The Danube Delta

The Danube Delta (Romanian: Delta Dunarii ) is the second largest river delta in Europe, after the Volga Delta, and is the best preserved on the continent. The greater part of the Danube Delta lies in Romania (Tulcea county), while its northern part, on the left bank of the Chilia arm, is situated in Ukraine (Odessa Oblast). The approximate surface is 4152 km², of which 3446 km² are in Romania. If one includes the lagoons of Razim-Sinoe (1015 km² of which 865 km² water surface), which are located south of the delta proper, but are related to it geologically and ecologically (their combined territory is part of the World Heritage Site), the total area of the Danube Delta reaches 5165 km².

The modern Danube Delta began forming after 4,000 B.C. in a gulf of the Black Sea, when the sea rose to its present level. A sandy barrier blocked the Danube gulf where the river initially built its delta. Upon filling the gulf with sediments, the delta advanced outside the barrier-blocked estuary after 3,500 B.C. building several successive lobes[2][3]: the St. George I (3,500-1,600 B.C.), the Sulina (1,600-0 B.C.), the St. George II (0 B.C.-Present) and the Chilia or Kilia (1600 A.D.-Present).

The Danube Delta is a low alluvial plain, mostly covered by wetlands and water. It consists of an intricate pattern of marshes, channels, streamlets and lakes. The average altitude is 0.52 m, with 20% of the territory below sea level, and more than half not exceeding one meter in altitude. Dunes on the most extensive strandplains of the delta (Letea and Caraorman strandplains) stand higher (12.4 m and 7 m respectively). The largest lakes are Dranov (21.7 km²), Rosu (14.5 km²), Gorgova (13.8 km²).

The Danube branches into three main distributaries into the delta, Chilia, Sulina, and Sfântul Gheorghe (Saint George). The last two branches form the Tulcea channel, which continues as a single body for several kilometers after the separation from the Chilia. At the mouths of each channel gradual formation of new land takes place, as the delta continues to expand.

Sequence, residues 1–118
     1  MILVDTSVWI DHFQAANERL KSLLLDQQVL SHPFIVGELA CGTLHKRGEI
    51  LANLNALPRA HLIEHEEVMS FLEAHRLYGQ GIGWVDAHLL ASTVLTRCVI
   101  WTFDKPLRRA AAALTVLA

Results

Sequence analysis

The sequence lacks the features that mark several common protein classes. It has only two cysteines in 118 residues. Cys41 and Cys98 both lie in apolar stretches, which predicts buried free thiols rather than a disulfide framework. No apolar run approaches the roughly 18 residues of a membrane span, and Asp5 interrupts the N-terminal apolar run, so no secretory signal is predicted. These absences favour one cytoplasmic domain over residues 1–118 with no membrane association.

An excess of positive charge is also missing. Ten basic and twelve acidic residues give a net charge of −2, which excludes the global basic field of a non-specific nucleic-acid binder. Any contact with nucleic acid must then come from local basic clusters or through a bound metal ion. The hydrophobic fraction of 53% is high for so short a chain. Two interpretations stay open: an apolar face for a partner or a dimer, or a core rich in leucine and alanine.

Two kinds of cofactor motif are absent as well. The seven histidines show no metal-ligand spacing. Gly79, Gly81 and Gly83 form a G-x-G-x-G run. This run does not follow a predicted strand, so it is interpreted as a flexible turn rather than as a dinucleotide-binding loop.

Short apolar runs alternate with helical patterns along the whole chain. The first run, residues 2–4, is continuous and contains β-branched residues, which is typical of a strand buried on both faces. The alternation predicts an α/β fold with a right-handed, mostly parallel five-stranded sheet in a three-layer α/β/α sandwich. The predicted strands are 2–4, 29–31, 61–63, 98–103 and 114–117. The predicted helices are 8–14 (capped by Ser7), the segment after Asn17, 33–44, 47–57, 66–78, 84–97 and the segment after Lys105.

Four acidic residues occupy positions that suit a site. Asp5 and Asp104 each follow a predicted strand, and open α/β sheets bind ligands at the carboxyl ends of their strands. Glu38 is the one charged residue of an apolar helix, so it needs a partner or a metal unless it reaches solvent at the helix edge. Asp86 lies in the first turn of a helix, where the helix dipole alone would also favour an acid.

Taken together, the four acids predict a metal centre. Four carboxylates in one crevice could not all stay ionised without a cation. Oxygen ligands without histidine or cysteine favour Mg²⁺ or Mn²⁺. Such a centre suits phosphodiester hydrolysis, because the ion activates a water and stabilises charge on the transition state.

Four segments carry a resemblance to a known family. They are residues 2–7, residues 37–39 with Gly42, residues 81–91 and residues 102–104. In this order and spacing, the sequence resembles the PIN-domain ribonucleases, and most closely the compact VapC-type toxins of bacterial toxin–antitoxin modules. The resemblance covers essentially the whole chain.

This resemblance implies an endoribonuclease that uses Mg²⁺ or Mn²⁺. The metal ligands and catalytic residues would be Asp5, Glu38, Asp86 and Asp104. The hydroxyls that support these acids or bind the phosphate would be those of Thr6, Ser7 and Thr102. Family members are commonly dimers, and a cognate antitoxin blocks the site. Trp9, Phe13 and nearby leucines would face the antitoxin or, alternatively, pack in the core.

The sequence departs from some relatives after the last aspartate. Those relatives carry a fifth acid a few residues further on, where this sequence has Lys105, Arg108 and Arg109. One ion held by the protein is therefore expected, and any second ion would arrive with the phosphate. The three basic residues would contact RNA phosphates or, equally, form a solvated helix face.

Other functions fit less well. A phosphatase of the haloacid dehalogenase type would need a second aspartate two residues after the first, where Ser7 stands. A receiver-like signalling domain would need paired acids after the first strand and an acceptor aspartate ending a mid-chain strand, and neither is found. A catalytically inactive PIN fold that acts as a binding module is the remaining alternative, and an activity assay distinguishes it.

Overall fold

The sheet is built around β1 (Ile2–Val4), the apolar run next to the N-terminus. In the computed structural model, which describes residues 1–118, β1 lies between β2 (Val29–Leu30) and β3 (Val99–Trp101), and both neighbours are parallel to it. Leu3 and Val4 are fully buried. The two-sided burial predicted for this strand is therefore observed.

Chilia, in the north, the longest, youngest, and most vigorous, with two secondary internal deltas and one microdelta in full process of formation at its mouth (to Ukraine).

Sulina, the central and thus the shortest arm, which consequently led to its extensive use for traffic and severe transformation. At its mouth is located the main port and the single settlement with urban charactersitics of the Romanian part of the delta. Because of the alluvium deposited at its mouth, a channel gradually advancing into the sea (presently it has 10 km), was built in order to protect the navigation.

Sfântul Gheorghe (Saint George in English), in the south, is the oldest and more sparsely populated. Its alluvium has led to the creation, beginning with 1897, of the Sacalin islands, which as of today measure 19 km in length.

The Danube Delta falls within east European steppe ecosystem, with Mediterranean influences. As a young region in full process of consolidation, the Danube Delta represents a very favourable place for the development of highly diverse flora and fauna, unique in Europe, with numerous rare species. It hosts 23 natural ecosystems, but due to the extent of wetlands the aquatic environment is prevalent; the terrestrial environment is also present on the higher grounds of the continental levees, where xerophile ecosystems have developed. Between the aquatic and terrestrial environments, is interposed a swampy, easily flooded strip of original flora and fauna, with means of adaptation for water or land, depending on the season or the hydrological regime. At the contact between freshwater and sea water, some special physical, chemical and biological processes take place, which determined biologists to consider this area as a very different ecosystem called beforedelta. Musura Gulf, north of Sulina, and Saint George Gulf are considered the most representative for this type of ecosystem.

Situated on major migratory routes, and providing adequate conditions for nesting and hatching, the Danube Delta is a magnet for birds from six major eco-regions of the world, including the Mongolian, Arctic and Siberian. There are over 320 species of birds found in the delta during summer, of which 166 are hatching species and 159 are migratory. Over one million individuals (swans, wild ducks, bald coots, etc.) winter here.

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Romania is a country located at the crossroads of Central and Southeastern Europe, on the Lower Danube, within and outside the Carpathian arch, bordering on the Black Sea.

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